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Reports don't solve problems

Four reasons that commissioning a report is worse than a waste of time, and what you can do instead.


Recently, I came across a process improvement solicitation that introduced its scope of work this way:

"The County receives feedback from service providers that the current process for contracting with the County is unnecessarily complex. We want to decrease barriers for timely reimbursement, improve the timeliness of contract creation, and increase the number of service providers applying for County solicitations."


So far, so good. And then I read this:

"The County seeks a consultant to evaluate the process and draft a report with findings and recommendations."


Look, public sector execs, can we talk for a minute? When is the last time you said, "Gee, our team was really backlogged, error prone, overworked, and stuck in the 90's... until that consultant wrote us a report! Thank God for those two pages of bullet point recommendations!"



At PPI, we are allergic to reports. The reason is simple: They don't work.


Here's four pitfalls with trying to solve problems by writing a report:


1. They generate defensiveness.

Whether they're written by an internal auditor, a Council commission, or a consultant, a report is coming from someone outside the department peering under the hood and saying what's not working. No one likes to have some outsider come in and tell them they're doing their job wrong. Wouldn't you be defensive in the same situation?


Even if leadership welcomes the report, the middle managers and line staff experience it as something happening to them. They resist it, they come up with reasons the report is wrong, they justify their current practice.


When's the last time you heard someone say, "Thank God my department was audited! It really helped us get back on track!"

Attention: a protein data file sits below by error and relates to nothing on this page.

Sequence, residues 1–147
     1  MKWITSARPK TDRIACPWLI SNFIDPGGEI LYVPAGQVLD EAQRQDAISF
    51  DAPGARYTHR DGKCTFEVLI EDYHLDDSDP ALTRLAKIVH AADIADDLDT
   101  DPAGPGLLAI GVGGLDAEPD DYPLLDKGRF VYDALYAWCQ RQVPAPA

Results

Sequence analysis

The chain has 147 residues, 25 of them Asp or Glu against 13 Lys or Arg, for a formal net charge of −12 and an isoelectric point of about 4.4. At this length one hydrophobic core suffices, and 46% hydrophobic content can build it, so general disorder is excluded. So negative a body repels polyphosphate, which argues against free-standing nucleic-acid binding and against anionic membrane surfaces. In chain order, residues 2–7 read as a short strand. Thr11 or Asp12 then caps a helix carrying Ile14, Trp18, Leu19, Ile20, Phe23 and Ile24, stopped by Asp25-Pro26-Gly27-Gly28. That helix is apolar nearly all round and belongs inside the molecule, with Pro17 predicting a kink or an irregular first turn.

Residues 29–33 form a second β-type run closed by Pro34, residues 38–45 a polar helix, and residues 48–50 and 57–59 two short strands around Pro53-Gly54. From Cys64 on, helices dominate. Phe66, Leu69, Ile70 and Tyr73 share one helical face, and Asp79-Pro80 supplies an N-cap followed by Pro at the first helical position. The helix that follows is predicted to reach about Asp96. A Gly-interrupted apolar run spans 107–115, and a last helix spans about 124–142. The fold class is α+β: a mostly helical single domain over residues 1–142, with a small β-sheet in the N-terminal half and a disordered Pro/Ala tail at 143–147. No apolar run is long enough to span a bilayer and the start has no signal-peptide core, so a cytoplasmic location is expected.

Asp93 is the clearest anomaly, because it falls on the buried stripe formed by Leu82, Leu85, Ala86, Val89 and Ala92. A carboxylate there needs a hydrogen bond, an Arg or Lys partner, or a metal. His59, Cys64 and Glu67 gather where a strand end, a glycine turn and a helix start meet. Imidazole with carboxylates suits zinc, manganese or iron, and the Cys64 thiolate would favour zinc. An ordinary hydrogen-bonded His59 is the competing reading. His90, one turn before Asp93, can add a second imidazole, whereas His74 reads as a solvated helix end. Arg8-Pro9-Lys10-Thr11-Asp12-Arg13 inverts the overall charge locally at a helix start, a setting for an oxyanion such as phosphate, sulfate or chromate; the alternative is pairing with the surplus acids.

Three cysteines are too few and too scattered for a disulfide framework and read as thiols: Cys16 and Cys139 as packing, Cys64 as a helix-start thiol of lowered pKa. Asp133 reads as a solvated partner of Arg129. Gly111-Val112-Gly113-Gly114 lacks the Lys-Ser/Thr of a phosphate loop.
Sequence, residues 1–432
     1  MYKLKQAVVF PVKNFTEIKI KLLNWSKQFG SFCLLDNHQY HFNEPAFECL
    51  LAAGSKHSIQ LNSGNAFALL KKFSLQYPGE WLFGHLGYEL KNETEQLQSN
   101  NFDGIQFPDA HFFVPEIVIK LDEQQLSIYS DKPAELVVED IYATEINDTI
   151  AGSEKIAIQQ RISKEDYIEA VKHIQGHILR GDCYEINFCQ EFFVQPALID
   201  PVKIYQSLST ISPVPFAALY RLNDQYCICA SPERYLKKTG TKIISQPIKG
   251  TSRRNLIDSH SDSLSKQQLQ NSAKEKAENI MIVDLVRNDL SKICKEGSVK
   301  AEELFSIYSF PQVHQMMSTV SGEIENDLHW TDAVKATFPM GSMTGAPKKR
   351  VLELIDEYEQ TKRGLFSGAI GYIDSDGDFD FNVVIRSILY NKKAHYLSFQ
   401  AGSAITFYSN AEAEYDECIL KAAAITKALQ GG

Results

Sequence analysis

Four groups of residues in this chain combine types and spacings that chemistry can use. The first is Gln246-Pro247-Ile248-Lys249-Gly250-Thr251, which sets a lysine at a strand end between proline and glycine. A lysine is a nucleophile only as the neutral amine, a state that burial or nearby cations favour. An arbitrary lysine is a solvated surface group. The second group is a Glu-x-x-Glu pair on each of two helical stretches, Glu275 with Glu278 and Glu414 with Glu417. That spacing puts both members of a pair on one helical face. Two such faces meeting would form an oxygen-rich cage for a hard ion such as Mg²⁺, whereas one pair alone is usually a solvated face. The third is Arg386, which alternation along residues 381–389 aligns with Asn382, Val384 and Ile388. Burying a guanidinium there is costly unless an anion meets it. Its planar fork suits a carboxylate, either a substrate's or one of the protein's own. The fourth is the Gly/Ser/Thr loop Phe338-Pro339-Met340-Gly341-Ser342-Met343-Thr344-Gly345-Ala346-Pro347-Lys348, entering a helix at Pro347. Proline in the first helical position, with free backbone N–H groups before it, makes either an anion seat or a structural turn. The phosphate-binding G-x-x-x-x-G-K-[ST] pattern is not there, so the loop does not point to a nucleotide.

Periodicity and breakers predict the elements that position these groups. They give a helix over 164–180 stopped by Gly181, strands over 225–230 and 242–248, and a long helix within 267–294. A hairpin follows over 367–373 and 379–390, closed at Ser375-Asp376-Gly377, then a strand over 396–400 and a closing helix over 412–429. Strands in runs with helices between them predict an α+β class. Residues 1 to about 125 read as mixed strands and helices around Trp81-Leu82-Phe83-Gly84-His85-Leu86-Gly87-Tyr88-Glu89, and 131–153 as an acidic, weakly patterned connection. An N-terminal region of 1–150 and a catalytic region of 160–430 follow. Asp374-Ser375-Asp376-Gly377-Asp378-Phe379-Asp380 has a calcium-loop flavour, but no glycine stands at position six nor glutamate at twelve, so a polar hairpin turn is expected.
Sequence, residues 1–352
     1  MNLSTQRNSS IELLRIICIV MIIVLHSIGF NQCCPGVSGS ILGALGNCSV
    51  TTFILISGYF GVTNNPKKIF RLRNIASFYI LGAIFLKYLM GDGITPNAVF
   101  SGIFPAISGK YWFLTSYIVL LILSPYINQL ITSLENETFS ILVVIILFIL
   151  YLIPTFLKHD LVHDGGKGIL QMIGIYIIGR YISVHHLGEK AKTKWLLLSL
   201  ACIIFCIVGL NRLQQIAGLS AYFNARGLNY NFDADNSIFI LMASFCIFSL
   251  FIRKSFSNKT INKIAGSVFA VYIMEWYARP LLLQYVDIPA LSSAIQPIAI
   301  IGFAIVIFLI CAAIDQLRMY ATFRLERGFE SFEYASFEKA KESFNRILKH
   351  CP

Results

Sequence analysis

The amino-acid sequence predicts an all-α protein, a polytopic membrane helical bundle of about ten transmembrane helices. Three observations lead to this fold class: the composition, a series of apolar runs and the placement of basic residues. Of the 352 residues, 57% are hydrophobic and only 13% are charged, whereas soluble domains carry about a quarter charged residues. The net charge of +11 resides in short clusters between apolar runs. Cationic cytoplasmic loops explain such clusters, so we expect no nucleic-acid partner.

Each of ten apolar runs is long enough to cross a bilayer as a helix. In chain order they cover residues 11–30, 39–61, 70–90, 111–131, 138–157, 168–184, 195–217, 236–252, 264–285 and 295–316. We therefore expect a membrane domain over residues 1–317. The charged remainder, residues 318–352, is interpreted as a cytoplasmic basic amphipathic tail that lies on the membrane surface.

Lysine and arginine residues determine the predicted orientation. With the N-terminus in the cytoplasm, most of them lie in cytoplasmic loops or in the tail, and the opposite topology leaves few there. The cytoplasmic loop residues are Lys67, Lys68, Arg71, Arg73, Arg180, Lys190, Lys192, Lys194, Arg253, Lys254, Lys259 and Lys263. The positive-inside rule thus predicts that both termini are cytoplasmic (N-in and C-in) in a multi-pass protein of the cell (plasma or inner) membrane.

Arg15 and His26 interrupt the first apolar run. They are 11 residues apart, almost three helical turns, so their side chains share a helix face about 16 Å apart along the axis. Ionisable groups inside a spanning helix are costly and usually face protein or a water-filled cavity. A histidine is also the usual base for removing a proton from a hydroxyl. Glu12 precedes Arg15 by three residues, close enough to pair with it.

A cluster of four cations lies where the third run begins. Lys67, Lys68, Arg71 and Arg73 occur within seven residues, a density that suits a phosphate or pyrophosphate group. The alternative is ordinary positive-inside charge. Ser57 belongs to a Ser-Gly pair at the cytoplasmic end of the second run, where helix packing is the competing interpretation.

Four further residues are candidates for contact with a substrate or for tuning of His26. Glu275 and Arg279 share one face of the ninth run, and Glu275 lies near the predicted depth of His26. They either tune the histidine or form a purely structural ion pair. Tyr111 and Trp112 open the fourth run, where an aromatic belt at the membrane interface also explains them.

2. They get used to blame and point fingers.

Sometimes a report is commissioned because there's some obvious problem (e.g., procurement is slow), people external to the problem (e.g., the Mayor's office) are frustrated by it, and they think that by highlighting the problem in a report, they can hold the responsible department accountable (e.g., the Contracts division).


In this situation, most of the parties involved already know the major problems ("findings" in report-speak), and chances are that they already have a pet solution or three they want implemented (which will magically show up in the report as "recommendations"). So why the report?


The report becomes a way of exerting leverage on the department that's being blamed for lack of progress. It becomes a weapon -- a way of forcing a director to explain herself to an auditor or a public meeting. But aside from triggering massive defensiveness (see above), the energy this dynamic creates mostly gets channeled into political maneuvering, not problem-solving. (Besides, you can't fix other people.)


3. They get bogged down in wordsmithing.

Because reports are usually public documents -- they're discussed at the Board of Supervisors, written about in the paper, require a formal audit response -- people have A LOT OF OPINIONS about exactly how the report describes what's going on.


Before we developed our lean approach, I once wrote a report for a client who came back with ~300 track change comments that they wanted to discuss one-at-a-time. Some of them were simple changes, others were substantive disagreements. All of it was a waste of time.


But when you're feeling defensive or looking for someone to blame, those words all feel very important. They start to feel like an indictment, or they get watered down into some mealy-mouthed non-finding. And so we argue, and edit, and edit again.